Rule 11 and 35 U.S.C. § 285. ADS also argued that the district court "improperly conflat[ed] the provisions of Rule 11 and relief under [§] 285." The district court held that "§ 285 should [not] be applied in a manner that contravenes the aims of Rule 11—[Rothschild]’s decision to voluntarily withdraw its complaint within the safe harbor period is the type of reasonable conduct [that] Rule 11 is designed to encourage."
The district court erred as a matter of law when, as part of its analysis, it stated that an attorney fee award under § 285 would "contravene the aims of Rule 11[’s]" safe-harbor provision, according to the Federal Circuit. Whether a party avoids or engages in sanctionable conduct under Rule 11(b) "is not the appropriate benchmark"; indeed, "a district court may award fees in the rare case in which a party’s unreasonable conduct—while not necessarily independently sanctionable—is nonetheless so ‘exceptional’ as to justify an award of fees." Octane Fitness, LLC v. ICON Health & Fitness, Inc., – U.S. –, 134 S. Ct. 1749, 1756 (2014).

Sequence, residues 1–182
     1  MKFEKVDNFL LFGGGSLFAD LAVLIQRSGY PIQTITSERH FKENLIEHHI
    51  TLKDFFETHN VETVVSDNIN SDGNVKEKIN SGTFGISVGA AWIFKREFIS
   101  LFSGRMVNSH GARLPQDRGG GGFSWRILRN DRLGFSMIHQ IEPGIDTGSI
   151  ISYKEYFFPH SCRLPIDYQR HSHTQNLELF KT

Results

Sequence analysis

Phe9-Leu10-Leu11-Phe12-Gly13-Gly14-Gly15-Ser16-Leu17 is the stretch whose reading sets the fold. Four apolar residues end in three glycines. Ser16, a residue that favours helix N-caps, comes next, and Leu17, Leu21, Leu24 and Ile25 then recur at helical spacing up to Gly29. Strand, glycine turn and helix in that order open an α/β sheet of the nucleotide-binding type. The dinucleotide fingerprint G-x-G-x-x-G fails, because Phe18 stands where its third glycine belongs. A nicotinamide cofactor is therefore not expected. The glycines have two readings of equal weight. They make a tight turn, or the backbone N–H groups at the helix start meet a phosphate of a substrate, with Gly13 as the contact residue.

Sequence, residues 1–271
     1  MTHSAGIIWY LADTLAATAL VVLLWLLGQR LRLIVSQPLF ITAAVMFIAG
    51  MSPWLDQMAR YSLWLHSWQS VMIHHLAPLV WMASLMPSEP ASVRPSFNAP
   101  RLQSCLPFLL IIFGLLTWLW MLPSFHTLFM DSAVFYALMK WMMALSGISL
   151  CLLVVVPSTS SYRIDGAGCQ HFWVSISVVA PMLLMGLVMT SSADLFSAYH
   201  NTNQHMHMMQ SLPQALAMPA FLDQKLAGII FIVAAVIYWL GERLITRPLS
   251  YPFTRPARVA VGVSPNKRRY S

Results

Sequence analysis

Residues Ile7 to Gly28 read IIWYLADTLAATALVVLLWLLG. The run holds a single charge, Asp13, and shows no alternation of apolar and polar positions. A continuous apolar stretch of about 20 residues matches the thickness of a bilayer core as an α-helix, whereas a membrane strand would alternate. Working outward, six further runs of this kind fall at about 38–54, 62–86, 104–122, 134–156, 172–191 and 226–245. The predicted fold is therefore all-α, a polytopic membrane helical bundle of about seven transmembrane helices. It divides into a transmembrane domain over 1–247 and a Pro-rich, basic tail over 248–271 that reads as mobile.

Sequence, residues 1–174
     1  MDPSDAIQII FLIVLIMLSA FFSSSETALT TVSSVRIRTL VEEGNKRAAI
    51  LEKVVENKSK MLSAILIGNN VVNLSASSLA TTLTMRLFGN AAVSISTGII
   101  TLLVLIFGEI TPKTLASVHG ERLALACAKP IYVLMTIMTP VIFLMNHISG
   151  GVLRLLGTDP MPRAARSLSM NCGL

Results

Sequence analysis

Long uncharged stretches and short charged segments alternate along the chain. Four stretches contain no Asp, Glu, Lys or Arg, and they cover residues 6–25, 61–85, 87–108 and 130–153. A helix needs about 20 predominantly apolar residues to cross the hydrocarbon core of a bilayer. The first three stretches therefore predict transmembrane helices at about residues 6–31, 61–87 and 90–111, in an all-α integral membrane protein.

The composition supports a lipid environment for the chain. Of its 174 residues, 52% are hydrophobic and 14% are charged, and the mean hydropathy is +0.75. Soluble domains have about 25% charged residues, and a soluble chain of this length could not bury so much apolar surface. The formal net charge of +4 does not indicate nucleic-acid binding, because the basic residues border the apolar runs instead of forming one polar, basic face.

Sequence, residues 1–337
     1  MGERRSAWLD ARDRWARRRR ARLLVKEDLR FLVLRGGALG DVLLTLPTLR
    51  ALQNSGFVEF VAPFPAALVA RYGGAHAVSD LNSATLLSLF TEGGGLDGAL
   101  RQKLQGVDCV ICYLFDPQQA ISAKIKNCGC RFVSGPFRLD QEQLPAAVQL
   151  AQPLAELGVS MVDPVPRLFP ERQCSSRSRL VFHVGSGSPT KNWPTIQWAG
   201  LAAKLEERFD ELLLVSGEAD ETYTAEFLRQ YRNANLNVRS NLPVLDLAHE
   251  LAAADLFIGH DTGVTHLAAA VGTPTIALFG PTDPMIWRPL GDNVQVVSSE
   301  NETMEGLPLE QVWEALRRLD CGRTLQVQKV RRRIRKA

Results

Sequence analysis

Concurring opinion. Circuit Judge Mayer, in a concurring opinion, wrote separately to point out that, because the infringement complaint filed by Rothschild was frivolous on its face, the district court abused its discretion in refusing to award attorney fees under 35 U.S.C. § 285.
The case is No. 2016-2521.
Attorneys: Jay B. Johnson (Kizzia Johnson PLLC) for Rothschild Connected Devices Innovations, LLC. Nathan Bailey (Waller Lansden Dortch & Davis, LLP) for Guardian Protection Services, Inc., Alarm Security Group, LLC, Central Security Group - Nationwide, Inc. and ADS Security, L.P.
Companies: Rothschild Connected Devices Innovations, LLC; Guardian Protection Services, Inc.; Alarm Security Group, LLC; Central Security Group - Nationwide, Inc.; ADS Security, L.P.
MainStory: TopStory Patent FedCirNews